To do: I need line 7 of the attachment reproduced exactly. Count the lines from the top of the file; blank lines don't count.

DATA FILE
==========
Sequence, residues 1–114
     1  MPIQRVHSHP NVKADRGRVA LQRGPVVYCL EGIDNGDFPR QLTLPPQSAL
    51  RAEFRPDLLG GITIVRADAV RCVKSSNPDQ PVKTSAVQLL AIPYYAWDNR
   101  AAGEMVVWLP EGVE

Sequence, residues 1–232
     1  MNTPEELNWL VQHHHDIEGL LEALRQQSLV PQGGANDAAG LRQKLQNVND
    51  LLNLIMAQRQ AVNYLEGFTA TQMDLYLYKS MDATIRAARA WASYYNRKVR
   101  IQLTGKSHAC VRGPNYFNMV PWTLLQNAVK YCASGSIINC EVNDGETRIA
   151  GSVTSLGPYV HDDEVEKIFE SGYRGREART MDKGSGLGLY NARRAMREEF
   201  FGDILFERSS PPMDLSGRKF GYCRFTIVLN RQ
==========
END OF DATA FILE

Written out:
    51  LLNLIMAQRQ AVNYLEGFTA TQMDLYLYKS MDATIRAARA WASYYNRKVR